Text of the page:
Current Affairs - January 2017

Highlights of Economic Survey 2016-17

Union finance Minister Arun Jaitley tabled the Economic Survey 2016-17 in Parliament budget session. The survey prepared by chief economic adviser in the finance ministry Arvind Subramanian.

The survey projects the economy to grow in the range of 6.75% to 7.25% in fiscal year 2017-18 in the post-demonetisation year. It says that the adverse impact of demonetisation on GDP growth will be transitional.

Major highlights from the Economic Survey 2016-17
  • Growth Forecast: Gross domestic product (GDP) growth in 2016-17 pegged at 6.5%, down from 7.6% in last fiscal 2015-16.
  • Economic growth to rebound to 6.75 to 7.5% in 2017-18.
  • Farm sector to grow at 4.1% in 2016-17, up from 1.2% in 2015-16.
  • Growth rate of industrial sector estimated to moderate to 5.2% in 2016-17 from 7.4% in 2015-16.
  • Service sector is estimated to grow at 8.9% in 2016-17
  • GST, other structural reforms should take the growth rate trend  to 8-10%.
  • Taxation: Prescribes cut in individual Income Tax rates, real estate stamp duties.
  • IT net could be widened gradually by encompassing all high income earners.
  • Time table for cutting corporate tax should be accelerated.
  • Tax administration could be improved to reduce discretion and improve accountability.
  • Goods and Services Tax (GST): Fiscal gains from GST will take time to realise.
  • Fiscal Deficit: Implementation of muted tax receipts, wage hike to put pressure on fiscal deficit in 2017-18.
  • For fiscal health of the economy fiscal prudence for both centre and states is needed.
  • Fiscal windfall from low oil prices to disappear in 2017-18.
  • Inflation: The average consumer price index (CPI) inflation rate declined to 4.9% in 2015-16 from 5.9% in 2014-15. CPI-based core inflation remained sticky around 5% in the 2016-17.
  • Oil prices, seen rising by one-sixth in 2017-18 over the previous fiscal 2016-17 prices which could dampen India’s economic growth.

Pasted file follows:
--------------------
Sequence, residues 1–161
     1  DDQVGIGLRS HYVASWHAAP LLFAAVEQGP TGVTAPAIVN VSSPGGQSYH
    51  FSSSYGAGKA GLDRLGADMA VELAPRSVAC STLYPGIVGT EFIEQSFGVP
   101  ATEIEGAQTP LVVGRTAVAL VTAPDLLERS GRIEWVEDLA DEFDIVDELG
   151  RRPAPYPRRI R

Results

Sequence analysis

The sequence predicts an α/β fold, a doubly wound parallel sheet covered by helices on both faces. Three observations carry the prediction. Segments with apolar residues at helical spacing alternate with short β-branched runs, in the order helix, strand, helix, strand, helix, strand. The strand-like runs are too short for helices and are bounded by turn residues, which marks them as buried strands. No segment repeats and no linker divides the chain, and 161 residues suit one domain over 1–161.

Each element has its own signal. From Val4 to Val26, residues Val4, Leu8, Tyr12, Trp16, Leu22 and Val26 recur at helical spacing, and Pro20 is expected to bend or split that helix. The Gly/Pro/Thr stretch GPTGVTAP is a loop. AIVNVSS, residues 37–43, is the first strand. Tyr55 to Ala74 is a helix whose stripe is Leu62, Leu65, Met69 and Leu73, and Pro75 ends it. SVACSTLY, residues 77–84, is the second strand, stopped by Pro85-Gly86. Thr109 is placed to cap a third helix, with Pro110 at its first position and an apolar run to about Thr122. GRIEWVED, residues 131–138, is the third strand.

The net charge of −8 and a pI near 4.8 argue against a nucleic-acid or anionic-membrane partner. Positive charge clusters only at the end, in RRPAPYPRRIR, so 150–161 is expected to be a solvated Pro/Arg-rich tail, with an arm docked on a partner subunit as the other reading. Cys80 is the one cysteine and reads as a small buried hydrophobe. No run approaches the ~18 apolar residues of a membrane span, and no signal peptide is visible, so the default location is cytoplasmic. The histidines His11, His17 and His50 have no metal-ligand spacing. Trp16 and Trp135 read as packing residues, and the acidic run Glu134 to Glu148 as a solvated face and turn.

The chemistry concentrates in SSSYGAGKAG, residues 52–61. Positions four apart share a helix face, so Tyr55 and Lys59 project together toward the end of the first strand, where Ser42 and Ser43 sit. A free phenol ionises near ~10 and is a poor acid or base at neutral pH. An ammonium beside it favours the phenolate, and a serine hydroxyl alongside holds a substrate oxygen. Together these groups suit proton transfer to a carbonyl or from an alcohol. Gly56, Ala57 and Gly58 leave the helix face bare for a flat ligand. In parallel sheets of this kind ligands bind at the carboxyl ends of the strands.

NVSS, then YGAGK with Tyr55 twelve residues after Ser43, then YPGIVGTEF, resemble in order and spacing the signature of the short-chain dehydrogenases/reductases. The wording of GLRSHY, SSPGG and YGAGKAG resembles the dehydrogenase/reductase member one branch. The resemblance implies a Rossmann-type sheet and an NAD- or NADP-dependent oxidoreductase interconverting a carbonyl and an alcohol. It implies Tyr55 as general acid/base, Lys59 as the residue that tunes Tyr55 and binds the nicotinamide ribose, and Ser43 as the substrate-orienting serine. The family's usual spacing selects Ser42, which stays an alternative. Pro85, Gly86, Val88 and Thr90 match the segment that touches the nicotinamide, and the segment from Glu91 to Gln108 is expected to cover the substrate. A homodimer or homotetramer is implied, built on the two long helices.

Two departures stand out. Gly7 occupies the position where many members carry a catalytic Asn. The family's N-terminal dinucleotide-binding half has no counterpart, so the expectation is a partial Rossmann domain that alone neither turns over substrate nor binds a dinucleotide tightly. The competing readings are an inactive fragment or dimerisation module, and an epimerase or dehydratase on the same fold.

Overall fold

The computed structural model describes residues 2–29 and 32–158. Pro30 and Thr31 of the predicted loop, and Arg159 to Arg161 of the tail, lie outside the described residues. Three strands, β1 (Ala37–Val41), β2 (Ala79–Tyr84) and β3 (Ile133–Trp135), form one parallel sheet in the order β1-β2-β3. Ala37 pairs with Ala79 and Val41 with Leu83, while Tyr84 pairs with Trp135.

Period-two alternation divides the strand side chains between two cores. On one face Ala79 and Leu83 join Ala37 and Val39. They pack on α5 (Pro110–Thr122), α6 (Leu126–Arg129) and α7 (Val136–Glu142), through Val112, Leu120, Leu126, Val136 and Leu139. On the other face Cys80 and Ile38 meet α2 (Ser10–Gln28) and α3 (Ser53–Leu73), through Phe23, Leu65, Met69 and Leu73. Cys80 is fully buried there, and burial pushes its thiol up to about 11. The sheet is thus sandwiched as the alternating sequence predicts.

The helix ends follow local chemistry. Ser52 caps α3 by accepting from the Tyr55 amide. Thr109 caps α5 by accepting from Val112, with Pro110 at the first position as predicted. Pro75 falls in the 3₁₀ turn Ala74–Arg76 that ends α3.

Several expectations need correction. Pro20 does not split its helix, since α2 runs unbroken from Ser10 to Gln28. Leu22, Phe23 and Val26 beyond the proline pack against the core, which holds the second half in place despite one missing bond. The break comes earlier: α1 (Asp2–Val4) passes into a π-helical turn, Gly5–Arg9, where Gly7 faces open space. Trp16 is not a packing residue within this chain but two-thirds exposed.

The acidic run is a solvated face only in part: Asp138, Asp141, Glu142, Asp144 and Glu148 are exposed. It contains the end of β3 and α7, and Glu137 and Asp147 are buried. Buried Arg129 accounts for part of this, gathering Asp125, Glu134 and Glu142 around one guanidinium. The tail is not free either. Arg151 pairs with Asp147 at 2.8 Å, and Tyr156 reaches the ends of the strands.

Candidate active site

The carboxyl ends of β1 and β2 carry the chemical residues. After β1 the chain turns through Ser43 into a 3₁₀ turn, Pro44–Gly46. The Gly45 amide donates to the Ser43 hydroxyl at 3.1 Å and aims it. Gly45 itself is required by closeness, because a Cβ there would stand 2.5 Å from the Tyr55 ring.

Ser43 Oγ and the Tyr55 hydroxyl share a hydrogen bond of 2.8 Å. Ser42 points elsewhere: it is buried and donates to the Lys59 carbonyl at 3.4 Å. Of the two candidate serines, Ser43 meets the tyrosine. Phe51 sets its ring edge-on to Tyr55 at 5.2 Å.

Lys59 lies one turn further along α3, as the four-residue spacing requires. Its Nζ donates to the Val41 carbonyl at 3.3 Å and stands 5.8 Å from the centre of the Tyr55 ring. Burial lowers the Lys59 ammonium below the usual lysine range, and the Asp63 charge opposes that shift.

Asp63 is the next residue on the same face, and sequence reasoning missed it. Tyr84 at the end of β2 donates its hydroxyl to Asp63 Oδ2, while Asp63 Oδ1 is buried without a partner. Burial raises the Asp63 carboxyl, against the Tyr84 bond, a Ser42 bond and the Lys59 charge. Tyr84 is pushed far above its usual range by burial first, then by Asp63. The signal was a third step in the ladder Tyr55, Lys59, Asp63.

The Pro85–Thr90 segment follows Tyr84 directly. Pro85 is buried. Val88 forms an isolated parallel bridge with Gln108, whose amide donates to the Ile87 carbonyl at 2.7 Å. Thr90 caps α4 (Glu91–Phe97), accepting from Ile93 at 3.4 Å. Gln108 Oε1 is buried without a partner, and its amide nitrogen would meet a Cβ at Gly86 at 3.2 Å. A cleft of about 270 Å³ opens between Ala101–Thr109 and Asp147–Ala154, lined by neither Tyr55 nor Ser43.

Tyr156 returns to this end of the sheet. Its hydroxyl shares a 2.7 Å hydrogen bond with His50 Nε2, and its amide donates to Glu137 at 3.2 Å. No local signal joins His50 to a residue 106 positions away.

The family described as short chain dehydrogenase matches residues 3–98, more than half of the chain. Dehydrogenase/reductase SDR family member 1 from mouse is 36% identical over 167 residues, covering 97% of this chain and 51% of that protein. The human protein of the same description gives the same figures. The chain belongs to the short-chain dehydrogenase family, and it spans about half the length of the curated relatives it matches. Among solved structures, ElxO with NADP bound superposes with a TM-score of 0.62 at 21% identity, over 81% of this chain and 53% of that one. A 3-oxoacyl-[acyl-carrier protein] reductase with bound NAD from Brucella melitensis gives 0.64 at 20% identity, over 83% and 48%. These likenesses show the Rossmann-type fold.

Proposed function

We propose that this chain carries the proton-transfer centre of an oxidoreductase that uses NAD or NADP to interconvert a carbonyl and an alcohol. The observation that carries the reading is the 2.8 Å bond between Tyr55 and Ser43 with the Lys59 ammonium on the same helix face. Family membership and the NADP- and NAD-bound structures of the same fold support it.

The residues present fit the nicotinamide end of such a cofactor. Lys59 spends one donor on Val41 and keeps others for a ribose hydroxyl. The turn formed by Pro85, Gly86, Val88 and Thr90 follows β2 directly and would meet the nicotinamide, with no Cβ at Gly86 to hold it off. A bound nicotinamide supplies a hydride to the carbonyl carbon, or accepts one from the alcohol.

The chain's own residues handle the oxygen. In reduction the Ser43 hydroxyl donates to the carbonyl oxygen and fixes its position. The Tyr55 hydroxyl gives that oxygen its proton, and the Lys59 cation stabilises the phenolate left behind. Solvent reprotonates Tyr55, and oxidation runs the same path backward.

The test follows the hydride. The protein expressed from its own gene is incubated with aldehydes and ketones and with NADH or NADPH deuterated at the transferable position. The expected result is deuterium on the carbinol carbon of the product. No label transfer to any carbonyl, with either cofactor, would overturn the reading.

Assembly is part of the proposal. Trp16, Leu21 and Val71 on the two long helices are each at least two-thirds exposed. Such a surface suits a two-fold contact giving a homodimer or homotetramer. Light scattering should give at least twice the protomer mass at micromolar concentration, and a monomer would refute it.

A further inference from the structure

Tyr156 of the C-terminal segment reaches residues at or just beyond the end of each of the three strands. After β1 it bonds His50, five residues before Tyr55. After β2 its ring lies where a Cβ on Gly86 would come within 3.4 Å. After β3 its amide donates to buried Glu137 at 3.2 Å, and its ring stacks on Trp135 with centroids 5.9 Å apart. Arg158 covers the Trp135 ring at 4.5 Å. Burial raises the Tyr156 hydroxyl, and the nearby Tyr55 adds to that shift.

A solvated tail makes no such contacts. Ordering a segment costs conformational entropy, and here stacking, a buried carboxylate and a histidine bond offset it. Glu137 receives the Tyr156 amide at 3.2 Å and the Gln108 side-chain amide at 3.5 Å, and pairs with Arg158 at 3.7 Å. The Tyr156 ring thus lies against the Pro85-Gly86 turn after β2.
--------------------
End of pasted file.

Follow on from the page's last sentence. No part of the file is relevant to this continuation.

• Monetary Policy: monetary easing headroom may be capped due to sharp rise in prices in 2017-18.
  • Market interest rates seen lower in 2017-18 due to demonetisation.
  • Government Debt to GDP ratio: It was 68.5% in 2016, down from 69.1% in 2015.
  • Banking: Suggests setting up public sector asset rehabilitation agency (PSARA) to take charge of large bad loans in banks. With government backing, PSAR can overcome coordination and political issues on bad loans.
  • Demonetisation: The adverse impact of demonetisation on GDP growth will be transitional. It will affect growth rate by 0.25-0.5%, but to have long-term benefits
  • It may affect supplies of certain agricultural products like sugar, milk, potatoes and onions.
  • Remonetisation will ensure that the cash squeeze is eliminated by April 2017.
  • Universal Basic Income (UBI): Advocates the concept of UBI as an alternative to the various social welfare schemes in an effort to reduce poverty.
  • It will be alternative to plethora of state subsidies for poverty alleviation. UBI would cost between 4 and 5% of GDP

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Bombay Natural History Society launches climate change programme in Central Himalayas

The Bombay Natural History Society (BNHS) has launched climate change programme to conduct study to assess the status, distribution and conservation of Pheasants and Finches in Central Himalayas.

It is long-term monitoring project funded by Oracle and facilitated by CAF-India. It will focus on their conservation in the context of climate change with the help of community participation.

Background
  • The Himalayas hold a rich natural heritage with diverse flora and fauna enhancing the beauty of the region.
  • Indian subcontinent is home to nearly 62 species of finches and 50 species of pheasants, with several species listed in ‘Globally Threatened’ category by IUCN. Both these groups are spread across the Himalayas.
  • Shrinking habitats combined with several biotic factors, along with poaching and trapping pressures in many areas have pushed several of them to near extinction.
  • Besides, climate change is influencing vertical and horizontal distribution of these groups. Those species adapting with it will be able survive, but those species sensitive to temperature rise will suffer.
Climate change programme 
  • It will help in making an inventory of pheasants and finches, documentation of local specific conservation issues, and designing local as well as species specific conservation action plan with the community participation.
  • The conservation action plan of these sites will be the first step towards the protection of the ecosystem which benefits both biodiversity as well as the people in the system.
  • It also aims to assess the socio-economic activities of local communities and involve them in conservation efforts and sensitize the local forest department staff.

About Bombay Natural History Society (BHNS)

BNHS is one of the largest non-governmental organisations in India engaged in conservation and biodiversity research. It was founded on 15 September 1883 and headquartered at Hornbill House, Mumbai. It supports many research efforts through grants and publishes the Journal of the Bombay Natural History Society. Department of Science and Technology has designated as a ‘Scientific and Industrial Research Organisation’.

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